Welcome to Mellow's Log Cabin. This blog's purpose is to supply information on a diversity of American southern music - ranging from country, blues, old-time and folk to R&B, rock'n'roll and rockabilly. I regularly present my research results about artists, labels, shows and also give guest writers a chance to publish their texts here on occasion.

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Sunday, November 17, 2019

At the Rockhouse

 
Roy Orbison / Teen Kings - Rockhouse (Sun 251), 1956

At the Rockhouse
The story of one of rockabilly music's anthems

The song "Rockhouse" (often also spelled "Rock House"), now a rockabilly anthem, was recorded in its best known version by Roy Orbison but was eventually often covered, especially by modern rockabilly combos. The origins of this song, however, date back to early to mid-1956 or even earlier.

How the house began to rock
Harold Jenkins alias Conway Twitty
Mississippi born Harold Jenkins just got out from the US Army, where he had served in Yokohama. Upon his return, Jenkins soon heard Elvis Presley's recording of "Mystery Train" and, although he was a lover of country music, decided upon a career as a rock'n'roller. He put together a group, which he named "The Rockhousers" and started writing songs. One of them was the band's signature song, "Rockhouse." It was about a dancehall, where all the cool cats went on Saturday nights.If Jenkins had a certain inspiration in mind is not known but you could find lots of those venues across the south back then.

Jenkins auditioned a couple of times at Sun Records but label owner Sam Phillips had little interest in Jenkins. However, a couple of demo sessions were made and in the summer of 1956, one of those sessions produced the demo of "Rockhouse," among some other recordings. The line-up consisted of Jenkins on vocals and rhythm guitar, Jimmy Ray Paulman on lead guitar, Bill Harris on bass (other sources also name Jimmy Evans, which is doubtful however), and Billy Weir on drums. Phillips was impressed enough with the song and purchased it for his publishing company Hi-Lo.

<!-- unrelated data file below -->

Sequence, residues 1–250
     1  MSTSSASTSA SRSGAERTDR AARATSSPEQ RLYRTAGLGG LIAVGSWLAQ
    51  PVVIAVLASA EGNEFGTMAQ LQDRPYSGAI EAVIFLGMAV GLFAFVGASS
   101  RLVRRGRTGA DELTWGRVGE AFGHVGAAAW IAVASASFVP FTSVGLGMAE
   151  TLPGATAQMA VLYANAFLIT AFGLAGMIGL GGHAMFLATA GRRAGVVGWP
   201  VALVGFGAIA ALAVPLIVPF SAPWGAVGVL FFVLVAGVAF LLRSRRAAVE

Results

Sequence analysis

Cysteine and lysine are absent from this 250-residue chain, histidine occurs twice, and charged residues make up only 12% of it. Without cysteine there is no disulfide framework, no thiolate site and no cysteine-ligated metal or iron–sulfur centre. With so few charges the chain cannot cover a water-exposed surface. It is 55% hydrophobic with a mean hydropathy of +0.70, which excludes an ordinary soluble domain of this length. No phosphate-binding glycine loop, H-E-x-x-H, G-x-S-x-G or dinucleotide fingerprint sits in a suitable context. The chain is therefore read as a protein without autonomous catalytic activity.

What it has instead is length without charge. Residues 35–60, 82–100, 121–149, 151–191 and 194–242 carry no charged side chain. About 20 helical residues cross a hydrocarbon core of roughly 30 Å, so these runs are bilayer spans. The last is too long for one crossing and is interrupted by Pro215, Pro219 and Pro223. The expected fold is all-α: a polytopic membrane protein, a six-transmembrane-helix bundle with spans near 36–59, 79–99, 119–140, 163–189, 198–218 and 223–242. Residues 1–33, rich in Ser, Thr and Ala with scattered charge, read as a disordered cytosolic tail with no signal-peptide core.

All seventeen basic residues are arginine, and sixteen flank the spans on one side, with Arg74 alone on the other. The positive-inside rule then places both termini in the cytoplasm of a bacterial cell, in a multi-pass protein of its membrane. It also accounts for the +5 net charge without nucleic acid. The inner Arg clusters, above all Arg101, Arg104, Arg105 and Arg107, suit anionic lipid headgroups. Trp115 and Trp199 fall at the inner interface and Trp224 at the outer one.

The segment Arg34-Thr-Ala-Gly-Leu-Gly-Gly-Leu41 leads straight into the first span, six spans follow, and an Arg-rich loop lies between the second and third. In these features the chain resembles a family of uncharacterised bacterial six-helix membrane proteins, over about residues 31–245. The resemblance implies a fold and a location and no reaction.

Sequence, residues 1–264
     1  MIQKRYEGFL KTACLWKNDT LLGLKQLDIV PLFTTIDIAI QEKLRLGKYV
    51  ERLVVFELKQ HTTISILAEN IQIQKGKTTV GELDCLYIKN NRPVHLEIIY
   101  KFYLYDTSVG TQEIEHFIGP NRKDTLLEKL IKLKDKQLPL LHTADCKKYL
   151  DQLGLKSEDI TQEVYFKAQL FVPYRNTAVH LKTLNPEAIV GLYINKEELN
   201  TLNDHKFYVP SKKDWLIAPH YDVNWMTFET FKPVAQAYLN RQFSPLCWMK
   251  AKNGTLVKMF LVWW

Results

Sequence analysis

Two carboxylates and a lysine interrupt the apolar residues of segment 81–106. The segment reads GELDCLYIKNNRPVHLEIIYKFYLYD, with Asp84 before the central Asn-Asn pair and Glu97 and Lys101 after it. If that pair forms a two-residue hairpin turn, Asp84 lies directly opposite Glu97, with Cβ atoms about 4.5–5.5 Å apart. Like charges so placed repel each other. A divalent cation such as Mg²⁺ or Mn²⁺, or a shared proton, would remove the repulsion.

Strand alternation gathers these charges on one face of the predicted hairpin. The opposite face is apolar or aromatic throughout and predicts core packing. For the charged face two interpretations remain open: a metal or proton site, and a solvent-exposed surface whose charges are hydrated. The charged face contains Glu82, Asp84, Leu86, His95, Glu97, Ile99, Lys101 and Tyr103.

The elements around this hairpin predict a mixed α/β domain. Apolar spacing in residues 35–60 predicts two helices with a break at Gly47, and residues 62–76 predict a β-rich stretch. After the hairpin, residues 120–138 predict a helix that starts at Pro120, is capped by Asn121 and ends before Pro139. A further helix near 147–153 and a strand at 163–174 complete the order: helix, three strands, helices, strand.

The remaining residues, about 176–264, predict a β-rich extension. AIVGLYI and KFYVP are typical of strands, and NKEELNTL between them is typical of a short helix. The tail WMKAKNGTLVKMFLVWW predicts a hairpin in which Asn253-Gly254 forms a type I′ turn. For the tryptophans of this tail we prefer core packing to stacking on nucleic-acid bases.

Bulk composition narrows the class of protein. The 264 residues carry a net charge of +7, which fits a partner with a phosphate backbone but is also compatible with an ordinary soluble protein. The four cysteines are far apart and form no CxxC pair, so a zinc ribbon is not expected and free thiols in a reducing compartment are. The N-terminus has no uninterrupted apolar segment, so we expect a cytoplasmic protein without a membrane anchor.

Roy Orbison at the Rockhouse
Roy Orbison in the 1950s
Seeking for song material for Roy Orbison, who just had a noteworthy hit with "Ooby Dooby," Phillips relied on "Rockhouse." Orbison took the song and re-worked it. It was hardly the same song anymore and Orbison sorted out much of the lyrics. On September 17, 1956, Orbison and his band, the Teen Kings, recorded the song along with another tune, "You're My Baby" (a Johnny Cash composition). The lineup included Orbison on vocals and electric lead guitar, Johnny "Peanuts" Wilson on rhythm gitar, James Morrow on electric mandolin (although inaudible), Jack Kenelly on bass, and Billy Ellis on drums. Producer Jack Clement (his first production at Sun) put a good load of echo behind the recording of "Rockhouse" but Phillips was satisfied with the result and released both songs on September 24, 1956, on Sun #251.

Billboard reviewed the disc on October 20 in its "Country & Western" segment as a spotlight and was excited: "[...] Flip [Rockhouse], is another good rockabilly rhythm side, is wraped up solidly by Orbison, who could break thru with a hit follow-up to his 'Oobie Doobie.'" However, the moment of success had passed and the chance to cash in on "Ooby Dooby" had been gone already. The disc did not even found mention in Billboard's territorial charts until the end of the year. Orbison would record more material for Sun but success eluded him until the 1960s, when he became a superstar with such well produced ballads like "Only the Lonely," "Blue Bayou" or "Pretty Woman." When Orbison hit big in 1961 on Monument Records, Phillips hauled out his Orbison tapes and released an album of it to cash in. It was titled "At the Rockhouse" and of course included "Rockhouse."